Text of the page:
From the August/September 2009 Issue:

Solid Style

  • Writer: Janet Purcell

How to incorporate metalwork into your home design


Article Photo
enlarge | A stainless steel countertop and backsplash add a sleek, contemporary look to the more traditional style of cabinetry, says Bruce Berger, owner of Architectural Metal Concepts LLC in Ridgewood. The room evokes the warm feeling the homeowners wanted while still being durable, easy to clean, and long lasting. Courtesy of Architectural Metal Concepts
Boundaries between high technology and artistic vision in the field of metalwork are a thing of the past. If you’re planning your dream home or venturing upon a daring new path with your current décor, consider ironwork — or aluminum, copper, nickel, or bronze.

Fabricators can now create any design, from sleek contemporary to the intricacies of Old World style. You can achieve the look with prefabricated metals if you’re on a budget or turn to a company that employs artisans who hand-forge their products. And you can choose from a wide range of materials and colors, custom and standard.

“Off-the-shelf components can be integrated,” says Diana Lawler of Lawler Railing in Mine Hill, “but to look like it’s part of the original home takes a custom fabricator. The better aluminum fabrications can look like iron but have the advantage of not rusting.”

“And aluminum doesn’t need to be painted,” says Rob Blackman, sales manager of Carfaro Ornamental in Hamilton, which does no iron work and complies with standards of the Green Building Initiative, a not-for-profit organization whose mission is to accelerate the adoption of building practices that result in energy-efficient, healthier, and environmentally sustainable buildings. Carfaro’s aluminum products come in eight standard as well as custom colors that are applied electrostatically and baked on at high temperatures. The finishing process uses a self-contained, chrome-free pretreatment that produces no volatile organic compounds.

On the Edge

Today’s technology permeates every aspect of metalwork. Heidi Bravo of International Design & Manufacturing LLC in Linden, for instance, says her company uses a satellite-navigated digital measuring system. The company used the system — which creates a digital map that’s used as a template and then converted to 3-D autocad — to design an ornate guardrail at the Venetian Wedding Hall in Garfield. The guardrail comprises intricate ironwork with goldleaf applied to rosettes and leaves.

The system also accurately designs skeletal structures for steel staircases and spiral stairs, which are then dressed with stone or marble. Cutting-edge technology enables precision in installations such as the elliptical curve of a railing created by Brielle-based Newman Ironworks where there is no tolerance for defect, President Rick Newman says. But comparing cold-rolled items with hand-forged, Newman stresses that the latter has the beauty of small imperfections typical of something that is handmade.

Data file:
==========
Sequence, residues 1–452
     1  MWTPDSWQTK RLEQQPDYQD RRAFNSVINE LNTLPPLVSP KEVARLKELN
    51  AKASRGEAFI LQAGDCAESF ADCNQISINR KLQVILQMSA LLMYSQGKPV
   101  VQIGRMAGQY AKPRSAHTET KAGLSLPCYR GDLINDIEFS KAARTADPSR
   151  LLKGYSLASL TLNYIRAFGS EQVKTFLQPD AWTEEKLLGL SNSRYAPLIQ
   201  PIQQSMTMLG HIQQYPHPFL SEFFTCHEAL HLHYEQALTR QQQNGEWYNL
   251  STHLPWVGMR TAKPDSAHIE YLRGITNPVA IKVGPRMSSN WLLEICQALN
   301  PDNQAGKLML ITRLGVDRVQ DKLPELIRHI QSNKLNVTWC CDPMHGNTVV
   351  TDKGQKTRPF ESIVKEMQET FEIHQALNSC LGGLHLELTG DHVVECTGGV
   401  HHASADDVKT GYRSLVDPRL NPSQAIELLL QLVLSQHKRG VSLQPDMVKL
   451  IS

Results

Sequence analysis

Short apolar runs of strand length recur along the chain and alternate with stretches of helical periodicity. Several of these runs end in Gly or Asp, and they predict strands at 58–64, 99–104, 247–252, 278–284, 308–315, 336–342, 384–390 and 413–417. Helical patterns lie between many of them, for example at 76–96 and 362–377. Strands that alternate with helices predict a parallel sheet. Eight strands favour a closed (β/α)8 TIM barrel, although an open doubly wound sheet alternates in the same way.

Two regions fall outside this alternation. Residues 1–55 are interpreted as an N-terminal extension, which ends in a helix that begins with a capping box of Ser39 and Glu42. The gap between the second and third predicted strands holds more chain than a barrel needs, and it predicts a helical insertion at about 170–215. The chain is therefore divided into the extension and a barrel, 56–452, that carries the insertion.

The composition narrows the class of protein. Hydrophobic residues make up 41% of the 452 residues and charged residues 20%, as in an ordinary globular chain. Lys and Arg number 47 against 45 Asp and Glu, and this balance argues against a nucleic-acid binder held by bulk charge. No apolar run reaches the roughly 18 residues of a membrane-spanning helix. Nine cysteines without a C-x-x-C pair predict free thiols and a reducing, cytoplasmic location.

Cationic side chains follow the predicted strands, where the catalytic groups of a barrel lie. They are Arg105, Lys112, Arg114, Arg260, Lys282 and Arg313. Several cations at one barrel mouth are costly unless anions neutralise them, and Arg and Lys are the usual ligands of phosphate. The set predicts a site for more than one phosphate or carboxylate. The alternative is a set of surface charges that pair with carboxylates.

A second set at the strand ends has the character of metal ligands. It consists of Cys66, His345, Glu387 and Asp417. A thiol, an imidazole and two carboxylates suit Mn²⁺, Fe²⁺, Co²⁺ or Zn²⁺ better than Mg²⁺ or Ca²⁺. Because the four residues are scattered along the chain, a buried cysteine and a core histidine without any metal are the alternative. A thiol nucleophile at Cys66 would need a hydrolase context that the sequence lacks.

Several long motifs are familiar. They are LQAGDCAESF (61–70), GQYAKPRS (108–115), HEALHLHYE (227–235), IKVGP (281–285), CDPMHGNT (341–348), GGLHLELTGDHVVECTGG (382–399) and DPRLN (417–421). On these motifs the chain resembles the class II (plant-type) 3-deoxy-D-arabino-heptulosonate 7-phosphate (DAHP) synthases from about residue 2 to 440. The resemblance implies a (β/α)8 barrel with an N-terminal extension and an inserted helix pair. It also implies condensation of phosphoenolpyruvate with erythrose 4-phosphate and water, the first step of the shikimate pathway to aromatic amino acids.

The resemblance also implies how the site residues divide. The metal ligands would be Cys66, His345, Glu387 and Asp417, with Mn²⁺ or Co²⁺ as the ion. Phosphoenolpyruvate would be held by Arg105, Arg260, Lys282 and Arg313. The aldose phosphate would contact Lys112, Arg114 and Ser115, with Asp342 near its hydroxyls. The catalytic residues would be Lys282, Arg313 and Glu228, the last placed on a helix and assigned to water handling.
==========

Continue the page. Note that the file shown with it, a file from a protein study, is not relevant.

He prefers ironwork because of its physical strength and endurance. “It stands the test of time,” he says. “It’s been around 2,000 years and is relatively unchanged in that period of time.”

The same goes for Michael Nestico of International Architectural Ironworks in Sparta, which does custom-designed, hand-forged iron and bronze work. “You can’t imitate it. You’re using real materials; you can’t fake that,” he says. “And every project is unusual. We just finished a home where the outside is extremely traditional and the inside is Art Nouveau; on another home we had to take off the roof to put in the rails. Custom is more expensive but not tremendously so. We do large-scale projects and manufacture quickly. Everything is done by hand, but in an assembly process.”

Benefits of Versatility

Because metal can be fashioned into any shape and combined with other material such as stone, its versatility is a plus, says Bruce Berger of Architectural Metal Concepts in Ridgewood. “You can have large areas with no seams. You can build around corners and make them dimensional,” he says. “Different metals can create different patinas. Copper and zinc are supposed to look aged. Scratches don’t create a problem. Stainless steel can be sanitized and is hygienic. And copper, in its untreated state, is also anti-bacterial — you just have to clean it daily.”

Berger says high-end metals are competitive with high-end marble and granite. “Granite and marble, however, are dependent on a sealer because they’re porous,” he says. “Metal is impervious.”

He stresses the importance of dealing with a professional. “Pay attention to detail and know what to expect,” he adds.

Janet Purcell
a regular contributor to Design NJ
writes from her home in Hopewell.